Tag Archives: grasp

Take hold of your anger so you can let it go

I have talked to many Christians about their anger. Many of them could barely tolerate the subject because they were ashamed of their lack at self-control. I’ve concluded they felt that way because they had concentrated on talking themselves out of it. They were looking for their thoughts to align with God’s and then expected such an alignment to fix their anger problem. They really wanted to stop being a time bomb their mate was afraid they were going to set off. They understood their problem. But they just could not get their problem to listen to reason.

Pixar boils it down to this.

You might carry some anger

If the description above resembles you or someone you know, I hope you won’t hold it against them. They may have grown up in a church that was so convinced the Bible was God’s gift to solve all their problems they were obsessed with learning and applying the words correctly. They might have been so into the interpretation of the words they stopped listening with anything but their minds. Chances are they have been angry at themselves for being such a terrible listener and apply-er!

I have often preached, as I am about to, that the people who wrote the Bible were a lot deeper than the Bible. John, the beloved disciple of Jesus, plainly says he did not scratch the surface of what Jesus said and did at the end of his profound Gospel. The Apostle Paul apparently spent 14 years  listening and meditating before he was sent on his missionary journeys and wrote his wonderful teaching. They experienced deep transformation that went way beyond words.

Here is one thing Paul learned from God (not merely the Bible) that applies to letting go of your anger.

Not that I have already obtained all this [new life], or have already arrived at my goal, but I press on to take hold of that for which Christ Jesus took hold of me. – Philippians 3:12

He wrote that line because he was taken hold of by Jesus and he was moved to take hold of Jesus. He did not apply a loosely understood set of words to write his letter and he was not teaching his readers to do that. He believed the Holy Spirit would take hold of his readers just like he was, and they would be able to let go of the past and live a new life with new goals just like he was.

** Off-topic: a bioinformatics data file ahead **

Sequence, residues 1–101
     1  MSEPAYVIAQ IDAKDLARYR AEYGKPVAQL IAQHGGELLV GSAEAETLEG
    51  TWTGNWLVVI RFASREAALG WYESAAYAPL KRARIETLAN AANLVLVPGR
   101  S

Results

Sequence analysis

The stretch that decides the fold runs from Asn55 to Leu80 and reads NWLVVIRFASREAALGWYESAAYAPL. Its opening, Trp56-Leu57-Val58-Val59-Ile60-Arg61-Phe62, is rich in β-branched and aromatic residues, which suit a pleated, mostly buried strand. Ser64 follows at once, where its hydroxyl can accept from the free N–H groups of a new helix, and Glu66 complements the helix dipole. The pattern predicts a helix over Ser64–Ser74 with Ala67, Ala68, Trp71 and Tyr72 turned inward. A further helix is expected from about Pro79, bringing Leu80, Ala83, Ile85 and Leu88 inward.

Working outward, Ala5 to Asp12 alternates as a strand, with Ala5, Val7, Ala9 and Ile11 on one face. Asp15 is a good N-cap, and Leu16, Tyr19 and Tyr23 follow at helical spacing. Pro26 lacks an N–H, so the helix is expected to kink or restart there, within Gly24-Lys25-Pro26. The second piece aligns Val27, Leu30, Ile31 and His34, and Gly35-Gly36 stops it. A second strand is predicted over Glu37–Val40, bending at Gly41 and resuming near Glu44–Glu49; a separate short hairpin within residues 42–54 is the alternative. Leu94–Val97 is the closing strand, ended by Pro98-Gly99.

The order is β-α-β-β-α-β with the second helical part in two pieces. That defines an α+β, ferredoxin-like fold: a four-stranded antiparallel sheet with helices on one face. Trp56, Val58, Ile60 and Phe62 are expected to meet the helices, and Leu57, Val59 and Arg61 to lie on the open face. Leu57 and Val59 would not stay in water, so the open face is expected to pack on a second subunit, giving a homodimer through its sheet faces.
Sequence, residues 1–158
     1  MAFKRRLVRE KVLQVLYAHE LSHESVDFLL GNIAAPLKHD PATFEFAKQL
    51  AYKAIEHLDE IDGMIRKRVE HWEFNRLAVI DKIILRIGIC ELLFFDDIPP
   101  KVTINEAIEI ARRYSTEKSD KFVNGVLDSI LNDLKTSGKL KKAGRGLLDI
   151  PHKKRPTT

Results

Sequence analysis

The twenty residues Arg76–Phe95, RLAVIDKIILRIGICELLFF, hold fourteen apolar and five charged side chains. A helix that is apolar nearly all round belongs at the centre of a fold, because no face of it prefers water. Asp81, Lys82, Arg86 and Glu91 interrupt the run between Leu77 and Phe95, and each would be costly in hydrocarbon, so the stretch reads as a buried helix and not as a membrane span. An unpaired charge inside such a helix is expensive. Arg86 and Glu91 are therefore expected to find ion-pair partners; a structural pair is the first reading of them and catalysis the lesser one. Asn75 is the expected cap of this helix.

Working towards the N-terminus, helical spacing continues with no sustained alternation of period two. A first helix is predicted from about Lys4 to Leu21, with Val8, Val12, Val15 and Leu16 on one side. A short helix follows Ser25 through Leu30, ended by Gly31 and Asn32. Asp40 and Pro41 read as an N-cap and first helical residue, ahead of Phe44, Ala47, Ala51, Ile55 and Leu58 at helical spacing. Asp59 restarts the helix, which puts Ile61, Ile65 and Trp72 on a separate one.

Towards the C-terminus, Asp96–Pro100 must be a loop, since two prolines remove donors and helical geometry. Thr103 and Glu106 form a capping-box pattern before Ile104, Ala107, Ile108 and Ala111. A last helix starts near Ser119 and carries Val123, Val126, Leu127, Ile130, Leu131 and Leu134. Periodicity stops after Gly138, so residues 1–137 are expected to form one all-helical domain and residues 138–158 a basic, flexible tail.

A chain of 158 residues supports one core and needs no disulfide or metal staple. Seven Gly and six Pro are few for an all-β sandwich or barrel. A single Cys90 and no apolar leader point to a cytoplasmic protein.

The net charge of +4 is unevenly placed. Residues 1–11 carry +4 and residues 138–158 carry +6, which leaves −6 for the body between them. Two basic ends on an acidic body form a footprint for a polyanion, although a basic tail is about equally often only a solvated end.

If you are so angry your children are afraid of what you will do or say to them; if you can’t get along in your work or it makes you so frustrated you can’t resist venting about it; if you are angry in advance about what you suspect someone will do to you much of the time; if you use intoxicants to “take the edge off” because you are perpetually on the edge of anger; Jesus is reaching right into that place, Spirit-to-spirit, to save you. Take his hand and good things will follow.

When anger comes up, take hold of it

Lots of people want to be saved and have taken all sorts of steps to reap the benefits of faith. But many of them have done it via words and thoughts, not by Spirit and experience. They say to me with frustration, “I have done the right thing. I study the Bible every day. And I am still this way.“ You may have grasped the content, but not the hand of Jesus.

When it comes to anger, when we pray (which is mostly too deep for words), anger will likely come up if we have it, unless we are committed to repressing it. If we let our anger surface, acknowledge it — you could say “grasp it,” then we can let it go.

Some people I’ve heard lately want the Spirit of God to fulfill promises on their behalf and take care of their anger. They say things like, “I did what the Bible says to do. I cast my anger on God because God cares for me. So why was I still furious as soon as I saw my wife?”

There are a lot of answers to that question which go beyond what I am trying to do here.  But one answer would be. “I think you may have really just cast your anger back into the place where you usually keep it, and you expected Jesus to guard the door for you.”

What we need to do is let the anger out when we are with Jesus. We need to see it as best we can. And then we can let it go. The mindfulness people do a nice job at getting to this idea, only without Jesus in the room. Here is a nice meditation one of them suggests. I think Jesus wouldn’t mind sharing that YouTube with you. When I looked for a Christian variation designed for the same purpose, it was mainly a collection of words we were supposed to think about. I’m not even going to show it to you.